Rewriting the fairy tales of disability

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Disfigured: On Fairy Tales, Disability and Making Space, Amanda Leduc, Coach House Books, Forthcoming (Feb 2020)

This book is as unusual as it is timely. It is at once both autobiography and social history. In it, Amanda Leduc considers the way in which fairy stories (and their modern kin: Disney films, superhero and fantasy movies) imagine disability — and how that imagination, in turn, shapes societal perceptions of disabled bodies and minds. She does this by expertly braiding the history of the genre and the various tropes it has spawned with the story of how these have shaped her own life as a disabled woman.

Disfigured: On Fairy Tales, Disability and Making Space, by Amanda LeducBeginning with the origins of the fairy story in the classical world, and with her own diagnosis with cerebral palsy, Leduc begins with the question of why disability in fairy stories is a trope or symbol when, for so many of us, it is nothing of the sort. It just is — a fact of life along with skin or eye colour.

What follows is a fascinating exploration of how fairy stories socialise us into particular expectations — of ourselves and of society. Disabilities there are either hard-wired to designate villains (the misshapen Rumpelstiltskin or the green skinned witch) or they are character devices which, with enough hard work, pity and perseverance by the relevant character (often aided by magic) can be miraculously overcome to allow the individual to take their earned place in society.

As such, the fairy story both parallels and reinforces what has become known as the medical model of disability — that it is a problem with an individual which needs to be 'fixed' if the individual is to play a meaningful role in the community. In Leduc's words:

'In the medical model, disability is both a reality of life as well as a kind of storytelling. Every disabled story becomes a narrative story — a story that has everything to do with what culture perceives of as good (able-bodiedness, beauty) and bad (disability, disfigurement), and how we, as a society, are supposed to act toward one another — and what society, or the higher powers that be, will do to us in return.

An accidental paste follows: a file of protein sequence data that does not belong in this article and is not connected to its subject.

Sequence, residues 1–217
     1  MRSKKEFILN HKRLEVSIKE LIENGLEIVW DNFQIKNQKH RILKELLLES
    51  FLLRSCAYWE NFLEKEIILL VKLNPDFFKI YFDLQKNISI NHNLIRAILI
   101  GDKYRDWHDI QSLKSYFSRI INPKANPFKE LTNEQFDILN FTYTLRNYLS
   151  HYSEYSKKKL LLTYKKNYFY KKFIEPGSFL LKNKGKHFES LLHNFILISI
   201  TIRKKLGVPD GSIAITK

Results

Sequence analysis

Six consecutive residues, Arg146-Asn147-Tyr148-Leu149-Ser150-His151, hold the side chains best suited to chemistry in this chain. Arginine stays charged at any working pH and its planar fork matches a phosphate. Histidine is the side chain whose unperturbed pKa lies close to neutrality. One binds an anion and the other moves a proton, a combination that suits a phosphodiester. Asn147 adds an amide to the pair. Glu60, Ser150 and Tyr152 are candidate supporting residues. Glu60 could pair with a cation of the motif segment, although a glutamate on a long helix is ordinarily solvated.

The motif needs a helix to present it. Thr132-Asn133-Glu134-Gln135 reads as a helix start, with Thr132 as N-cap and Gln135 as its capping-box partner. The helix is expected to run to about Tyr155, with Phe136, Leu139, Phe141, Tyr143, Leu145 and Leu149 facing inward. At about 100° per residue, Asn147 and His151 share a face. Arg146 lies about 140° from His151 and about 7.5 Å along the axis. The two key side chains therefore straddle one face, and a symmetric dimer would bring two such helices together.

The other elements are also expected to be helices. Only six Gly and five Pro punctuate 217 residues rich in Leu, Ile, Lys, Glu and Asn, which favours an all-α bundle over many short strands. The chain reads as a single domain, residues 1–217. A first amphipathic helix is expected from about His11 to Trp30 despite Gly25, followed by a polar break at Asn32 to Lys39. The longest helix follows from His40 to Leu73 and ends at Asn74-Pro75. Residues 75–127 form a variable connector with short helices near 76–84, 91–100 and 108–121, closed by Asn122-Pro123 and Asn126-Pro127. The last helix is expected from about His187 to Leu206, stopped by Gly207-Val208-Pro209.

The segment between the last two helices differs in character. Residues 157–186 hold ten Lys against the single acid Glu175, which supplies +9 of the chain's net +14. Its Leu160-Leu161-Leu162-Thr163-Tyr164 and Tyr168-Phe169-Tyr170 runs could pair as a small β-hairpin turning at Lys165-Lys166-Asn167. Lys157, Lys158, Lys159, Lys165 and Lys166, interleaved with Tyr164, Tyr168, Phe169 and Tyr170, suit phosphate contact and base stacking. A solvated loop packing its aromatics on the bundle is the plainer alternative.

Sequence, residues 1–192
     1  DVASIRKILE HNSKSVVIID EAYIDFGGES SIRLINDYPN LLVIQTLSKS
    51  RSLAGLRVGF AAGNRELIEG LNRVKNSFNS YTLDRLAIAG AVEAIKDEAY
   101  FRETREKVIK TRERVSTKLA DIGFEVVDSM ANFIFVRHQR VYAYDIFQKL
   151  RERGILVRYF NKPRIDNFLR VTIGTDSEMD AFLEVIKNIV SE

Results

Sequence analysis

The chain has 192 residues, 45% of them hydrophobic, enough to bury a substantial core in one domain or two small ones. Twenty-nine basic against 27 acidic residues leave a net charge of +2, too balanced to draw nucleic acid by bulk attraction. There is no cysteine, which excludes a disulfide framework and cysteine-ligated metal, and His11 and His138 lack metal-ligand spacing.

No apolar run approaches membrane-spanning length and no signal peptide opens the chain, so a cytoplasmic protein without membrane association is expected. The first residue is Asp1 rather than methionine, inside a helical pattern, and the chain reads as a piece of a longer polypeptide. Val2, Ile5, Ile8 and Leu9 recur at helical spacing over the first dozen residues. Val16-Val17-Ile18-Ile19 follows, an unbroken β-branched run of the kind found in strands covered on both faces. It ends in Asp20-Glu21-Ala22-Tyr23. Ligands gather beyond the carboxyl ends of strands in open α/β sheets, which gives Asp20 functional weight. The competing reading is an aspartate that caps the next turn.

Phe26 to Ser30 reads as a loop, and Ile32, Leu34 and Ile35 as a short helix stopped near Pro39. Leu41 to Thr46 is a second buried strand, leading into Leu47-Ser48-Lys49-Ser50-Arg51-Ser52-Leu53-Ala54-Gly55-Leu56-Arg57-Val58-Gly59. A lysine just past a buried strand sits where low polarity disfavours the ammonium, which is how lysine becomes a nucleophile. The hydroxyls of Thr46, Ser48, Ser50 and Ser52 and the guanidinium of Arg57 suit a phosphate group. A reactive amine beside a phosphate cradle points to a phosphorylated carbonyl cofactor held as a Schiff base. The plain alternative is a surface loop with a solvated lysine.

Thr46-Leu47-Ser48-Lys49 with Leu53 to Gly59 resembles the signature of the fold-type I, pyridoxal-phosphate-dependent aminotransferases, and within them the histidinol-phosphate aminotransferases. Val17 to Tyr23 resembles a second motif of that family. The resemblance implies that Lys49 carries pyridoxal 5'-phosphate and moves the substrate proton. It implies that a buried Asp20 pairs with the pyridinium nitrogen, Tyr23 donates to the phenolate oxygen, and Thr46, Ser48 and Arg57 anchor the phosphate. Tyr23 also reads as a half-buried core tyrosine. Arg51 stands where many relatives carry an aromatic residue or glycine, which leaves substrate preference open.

'Quite apart from its own physical realities — from the disabled person's own physical realities — a disability thus becomes a symbol for everyone else, an "other other", in Siebers' words, operating as a kind of intellectual bogeyman for the well — a whispering darkness that sits on the edge of the perceived order of the world.

'In short, in the medical model, disability is almost always the villain. Disability is different because there is an assumption that there is one way of moving through the world — one way of walking, one way of seeing, one way of smell and touch, of processing information.'

 

"Perhaps the autistic heroine's power of concentration enables her to overcome the enemy mind-stealer. Perhaps the fact that the quadriplegic feels no pain is key to his survival."

 

As Leduc points out, stories create expectations which, in turn, condition us into this view of the world. At a pre-conscious level, they shape the view of the playground bully, such as those who made Leduc's world (and mine) excruciating as we moved through school and society in which, from an early age, we were 'other'. The princess, after all, is never a wheelchair user and the hero never blind.

By juxtaposing the fairy tale tropes and their development from Renaissance Europe to Nazi Germany to modern comic franchises, with the impacts on each stage of her own life, Leduc is able to trace this shaping process in a way that is both convincing and moving.

Leduc is right to point out that 'happy endings' in the traditional sense are in short supply in the real world. This is not to say that narrative is a bad thing, but, as she notes, perhaps the stories we need are different ones. The fairy tale has a long history of being used to subvert established norms and tell the stories which cannot be told otherwise — a history which is also told in her book. Disability, however, remains the great taboo.